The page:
Cart (Loading....) | Create Account
Close category search window

Aspects of Distance Sensitive Design of Wireless Sensor Networks

Sign In

Cookies must be enabled to login.After enabling cookies , please use refresh or reload or ctrl+f5 on the browser for the login options.

Formats Non-Member Member
$31 $13
Learn how you can qualify for the best price for this item!
Become an IEEE Member or Subscribe to
IEEE Xplore for exclusive pricing!
close button

puzzle piece

IEEE membership options for an individual and IEEE Xplore subscriptions for an organization offer the most affordable access to essential journal articles, conference papers, standards, eBooks, and eLearning courses.

Learn more about:

IEEE membership

IEEE Xplore subscriptions

2 Author(s)
Kulathumani, V. ; Dept. of Comput. Sci. & Electr. Eng., West Virginia Univ., Morgantown, WV ; Arora, A.

Distance sensitivity is a locality concept that is useful for designing scalable wireless sensor network applications. In this paper, we formally define distance sensitivity and we highlight its different forms such as distance sensitive latency, error, rate, membership, and healing. We show how distance sensitivity allows the application requirements and the network specification to be stated (and reasoned about) purely in geometric terms. This paper also examines key aspects of the concept, namely sufficiency, decomposability, and robustness. Specifically, sufficiency involves consideration of whether distance sensitive properties are enough for meeting application requirements. Decomposability involves choosing properties of network layers/components so that together the distance sensitive network abstraction holds. And, robustness implies preservation of distance sensitivity in the presence of failures in the network, including both permanent and transient failures and even those that violate the density or geometric assumptions of the network. We illustrate these aspects via examples from our previous work, all in the context of a common case study, regarding the design of a distributed pursuer evader tracking application.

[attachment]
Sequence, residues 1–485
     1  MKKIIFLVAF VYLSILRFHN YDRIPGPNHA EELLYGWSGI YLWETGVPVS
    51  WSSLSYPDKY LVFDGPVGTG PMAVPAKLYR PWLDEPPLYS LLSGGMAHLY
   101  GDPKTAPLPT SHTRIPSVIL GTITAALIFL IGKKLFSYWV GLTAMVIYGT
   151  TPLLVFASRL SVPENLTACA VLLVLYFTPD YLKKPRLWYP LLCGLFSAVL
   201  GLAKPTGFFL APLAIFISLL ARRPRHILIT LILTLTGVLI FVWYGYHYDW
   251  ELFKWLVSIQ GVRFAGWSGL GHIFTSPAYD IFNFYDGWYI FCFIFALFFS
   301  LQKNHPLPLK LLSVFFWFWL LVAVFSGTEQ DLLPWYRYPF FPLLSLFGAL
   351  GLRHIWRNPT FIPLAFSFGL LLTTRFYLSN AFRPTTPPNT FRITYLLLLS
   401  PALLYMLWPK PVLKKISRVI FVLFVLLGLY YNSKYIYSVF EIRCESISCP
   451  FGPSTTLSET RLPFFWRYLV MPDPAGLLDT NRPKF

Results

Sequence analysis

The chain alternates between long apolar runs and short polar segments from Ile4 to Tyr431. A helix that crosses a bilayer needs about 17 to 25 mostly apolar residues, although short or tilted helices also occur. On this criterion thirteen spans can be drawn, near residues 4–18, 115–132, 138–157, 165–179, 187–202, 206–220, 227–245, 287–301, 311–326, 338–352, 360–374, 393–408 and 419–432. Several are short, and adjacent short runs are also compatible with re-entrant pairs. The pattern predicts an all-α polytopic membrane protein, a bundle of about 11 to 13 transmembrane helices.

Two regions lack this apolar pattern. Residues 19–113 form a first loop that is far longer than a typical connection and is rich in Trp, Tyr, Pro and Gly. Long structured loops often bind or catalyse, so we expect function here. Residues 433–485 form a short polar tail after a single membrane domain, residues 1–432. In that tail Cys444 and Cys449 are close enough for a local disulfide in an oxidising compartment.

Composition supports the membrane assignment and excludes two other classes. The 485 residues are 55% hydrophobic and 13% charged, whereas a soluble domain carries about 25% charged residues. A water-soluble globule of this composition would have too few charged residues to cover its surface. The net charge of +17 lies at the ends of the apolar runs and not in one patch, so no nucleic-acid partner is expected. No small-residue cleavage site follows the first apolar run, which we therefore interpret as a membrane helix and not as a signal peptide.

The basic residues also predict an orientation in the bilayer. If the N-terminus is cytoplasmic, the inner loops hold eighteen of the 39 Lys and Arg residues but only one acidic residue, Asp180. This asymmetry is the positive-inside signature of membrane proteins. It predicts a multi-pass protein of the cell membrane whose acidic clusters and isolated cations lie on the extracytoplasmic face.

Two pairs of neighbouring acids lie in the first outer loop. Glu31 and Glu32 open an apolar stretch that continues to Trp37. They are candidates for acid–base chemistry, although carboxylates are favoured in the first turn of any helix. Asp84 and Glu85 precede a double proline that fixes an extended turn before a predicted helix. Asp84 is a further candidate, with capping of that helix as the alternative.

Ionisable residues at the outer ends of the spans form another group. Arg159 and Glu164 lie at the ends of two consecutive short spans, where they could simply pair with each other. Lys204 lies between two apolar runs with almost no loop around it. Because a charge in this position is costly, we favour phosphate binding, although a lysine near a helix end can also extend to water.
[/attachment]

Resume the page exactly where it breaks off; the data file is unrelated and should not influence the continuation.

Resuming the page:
Published in:

Self-Adaptive and Self-Organizing Systems Workshops, 2008. SASOW 2008. Second IEEE International Conference on

Date of Conference:

20-24 Oct. 2008

Need Help?

IEEE Advancing Technology for Humanity About IEEE Xplore | Contact | Help | Terms of Use | Nondiscrimination Policy | Site Map | Privacy & Opting Out of Cookies

A not-for-profit organization, IEEE is the world's largest professional association for the advancement of technology.
© Copyright 2014 IEEE - All rights reserved. Use of this web site signifies your agreement to the terms and conditions.